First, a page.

Wednesday, January 07, 2009

Slade – Slade Alive!

During their glam-rock hey-day, Slade were among the best of the bunch, with a wild image and terrific tunes. This fantastic live album was released just as they were starting their string of hits and as they were moving from their ill-conceived skinhead look to their lucrative glam style.

While this doesn’t include any major hits, this is still a high-energy blast of wild rock’n’roll and shows that these cats had the audience in the palms of their hands right from the start and could create a crazed atmosphere.

Opening with a Ten Years After cover, “Hear Me Calling”, they get the foot-stomping and hand-clapping going immediately. The band was obviously crowd favorites long before becoming chart-toppers. They goof a bit during a quieter section and then blast back in with an immense amount of power and abandon and the whole crowd is shouting along with them by the end! This show must have been an incredible experience!

The original “In Like a Shot From My Gun” is next and showcases Noddy in all his screaming glory! Power chords slam from these cats and again, the audience is right there with them. Another super mover!

A change of pace ensues with a cover of John Sebastian’s “Darling Be Home Soon”. This starts as a quite pretty take on this folk tune, complete with lovely harmonies. This lasts for a couple of verses and then they explode with shrieking leads from Hill and extraordinarily loud power chords before quieting down long enough for Noddy to belch into the mic before completing the last verse and then building up for a shouted last chorus. Utterly, madly beautiful!

Back with their own material as Jim Lea’s bass thuds the intro to “Know Who You Are”, which appeared on both their first LP (as an instrumental titled “Genesis”) and their 2nd record (this time much improved with lyrics). This shows their mastery of rhythm (courtesy of madman drummer Don Powell and Lea) and dynamics which takes a simple tune and makes it a monster!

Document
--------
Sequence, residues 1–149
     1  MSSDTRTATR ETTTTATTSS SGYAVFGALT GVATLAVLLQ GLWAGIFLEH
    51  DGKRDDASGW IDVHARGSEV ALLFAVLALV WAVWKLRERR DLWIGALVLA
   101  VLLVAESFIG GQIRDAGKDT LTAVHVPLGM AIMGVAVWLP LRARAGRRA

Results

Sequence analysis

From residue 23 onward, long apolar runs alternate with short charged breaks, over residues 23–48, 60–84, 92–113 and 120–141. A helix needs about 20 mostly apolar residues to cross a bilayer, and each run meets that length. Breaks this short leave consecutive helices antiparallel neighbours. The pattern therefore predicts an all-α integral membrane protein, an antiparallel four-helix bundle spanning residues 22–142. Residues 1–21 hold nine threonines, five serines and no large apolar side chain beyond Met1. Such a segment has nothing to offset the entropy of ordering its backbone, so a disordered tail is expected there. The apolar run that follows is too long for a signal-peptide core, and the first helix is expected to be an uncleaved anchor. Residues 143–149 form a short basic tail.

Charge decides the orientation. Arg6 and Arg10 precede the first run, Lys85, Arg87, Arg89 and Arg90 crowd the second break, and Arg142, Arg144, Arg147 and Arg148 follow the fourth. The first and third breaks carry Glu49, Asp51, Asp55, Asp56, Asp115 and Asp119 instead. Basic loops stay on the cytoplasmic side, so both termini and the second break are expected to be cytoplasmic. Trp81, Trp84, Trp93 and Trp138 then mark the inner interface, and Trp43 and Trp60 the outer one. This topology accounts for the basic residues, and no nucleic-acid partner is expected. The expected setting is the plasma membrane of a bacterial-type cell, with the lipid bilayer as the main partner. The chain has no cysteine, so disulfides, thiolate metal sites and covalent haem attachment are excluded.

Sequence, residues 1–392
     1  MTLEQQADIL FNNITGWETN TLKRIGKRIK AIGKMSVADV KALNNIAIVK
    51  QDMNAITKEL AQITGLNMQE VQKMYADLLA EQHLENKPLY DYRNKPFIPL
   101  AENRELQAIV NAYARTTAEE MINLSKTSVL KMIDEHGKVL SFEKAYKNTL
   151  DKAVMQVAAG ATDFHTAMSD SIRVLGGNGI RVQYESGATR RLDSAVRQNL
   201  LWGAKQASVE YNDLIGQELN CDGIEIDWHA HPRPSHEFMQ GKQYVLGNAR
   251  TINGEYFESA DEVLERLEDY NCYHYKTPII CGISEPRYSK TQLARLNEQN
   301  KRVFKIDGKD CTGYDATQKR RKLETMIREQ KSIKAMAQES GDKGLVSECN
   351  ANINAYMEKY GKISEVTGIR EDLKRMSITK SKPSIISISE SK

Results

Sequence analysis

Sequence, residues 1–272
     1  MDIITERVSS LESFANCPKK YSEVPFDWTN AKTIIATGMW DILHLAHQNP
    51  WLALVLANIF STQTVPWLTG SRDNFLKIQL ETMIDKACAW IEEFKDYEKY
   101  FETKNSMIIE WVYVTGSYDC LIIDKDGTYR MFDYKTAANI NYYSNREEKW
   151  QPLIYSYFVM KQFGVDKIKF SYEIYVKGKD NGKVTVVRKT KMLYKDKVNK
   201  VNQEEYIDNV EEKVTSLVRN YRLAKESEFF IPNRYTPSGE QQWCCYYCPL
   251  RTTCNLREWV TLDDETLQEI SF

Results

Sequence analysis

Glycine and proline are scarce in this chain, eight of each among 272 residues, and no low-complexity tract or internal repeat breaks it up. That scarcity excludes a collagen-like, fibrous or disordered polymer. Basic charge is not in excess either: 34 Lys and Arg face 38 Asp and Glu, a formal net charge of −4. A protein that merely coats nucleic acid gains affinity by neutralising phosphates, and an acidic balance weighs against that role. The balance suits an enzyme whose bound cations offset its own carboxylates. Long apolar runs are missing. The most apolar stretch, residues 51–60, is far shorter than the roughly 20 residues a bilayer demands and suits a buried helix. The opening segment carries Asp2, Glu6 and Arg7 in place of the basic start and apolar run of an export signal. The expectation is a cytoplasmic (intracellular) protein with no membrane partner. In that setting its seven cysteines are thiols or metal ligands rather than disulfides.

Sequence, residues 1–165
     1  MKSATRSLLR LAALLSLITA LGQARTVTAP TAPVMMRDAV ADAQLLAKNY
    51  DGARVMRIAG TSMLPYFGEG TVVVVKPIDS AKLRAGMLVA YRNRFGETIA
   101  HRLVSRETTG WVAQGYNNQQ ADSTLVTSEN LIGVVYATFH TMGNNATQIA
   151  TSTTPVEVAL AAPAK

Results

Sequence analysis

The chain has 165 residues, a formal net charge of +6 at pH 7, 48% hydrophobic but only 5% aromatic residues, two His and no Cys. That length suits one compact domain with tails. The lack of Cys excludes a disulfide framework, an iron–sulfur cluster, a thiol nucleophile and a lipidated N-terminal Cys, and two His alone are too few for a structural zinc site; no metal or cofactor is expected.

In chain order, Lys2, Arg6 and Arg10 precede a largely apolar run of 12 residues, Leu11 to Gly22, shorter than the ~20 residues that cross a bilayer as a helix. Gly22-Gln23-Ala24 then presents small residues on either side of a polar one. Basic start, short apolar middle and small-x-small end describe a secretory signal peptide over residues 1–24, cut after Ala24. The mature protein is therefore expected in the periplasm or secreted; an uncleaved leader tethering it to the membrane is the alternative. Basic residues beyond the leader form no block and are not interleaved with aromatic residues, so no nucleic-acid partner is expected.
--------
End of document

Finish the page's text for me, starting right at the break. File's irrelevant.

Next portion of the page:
They have the audacity to call “Keep on Rocking” an original and I suppose it is as much as any 50’s rock’n’roll tune is anyone’s original. Slade always had a love of early r’n’r and this is basically “Sweet Little Rock’n’Roller” with a few lyric changes – probably so they could get a little publishing royalty money from this cover-heavy release! Good fun but nothing really interesting.

The song that did break them is included, a Little Richard tour de force, “Get Down and Get With It”, which becomes pure Slade! This is a perfect vehicle for Noddy’s voice, in particular. Terrific high-energy crazee-ness that pulls the crowd in yet again!

They close the album with a madhouse cover of Steppenwolf’s “Born To Be Wild”. This is fast and furious and must have left the people gasping for breath and yelling for more! The ending is pure and lovely chaos!

I was hoping that this two-CD set had more from this time period (or close to it) because I know that more exists, but unfortunately this is not the case. The rest of the songs are from the late 70’s and 1980. They show that the band was still a powerhouse, but does not show them at their prime and the best songs are rushed to the point of losing their recognition. If you didn’t know how good they could be you’d probably be impressed, but I would love to hear more from their Slayed! era, for example.

There is a booklet included with amazing photos of the band in their skinhead days (Dave Hill with a shaved head is a sight to behold!) and lots of info. A good buy overall (thanks again, Melanie!) but I hope that someday more vintage Slade will be released!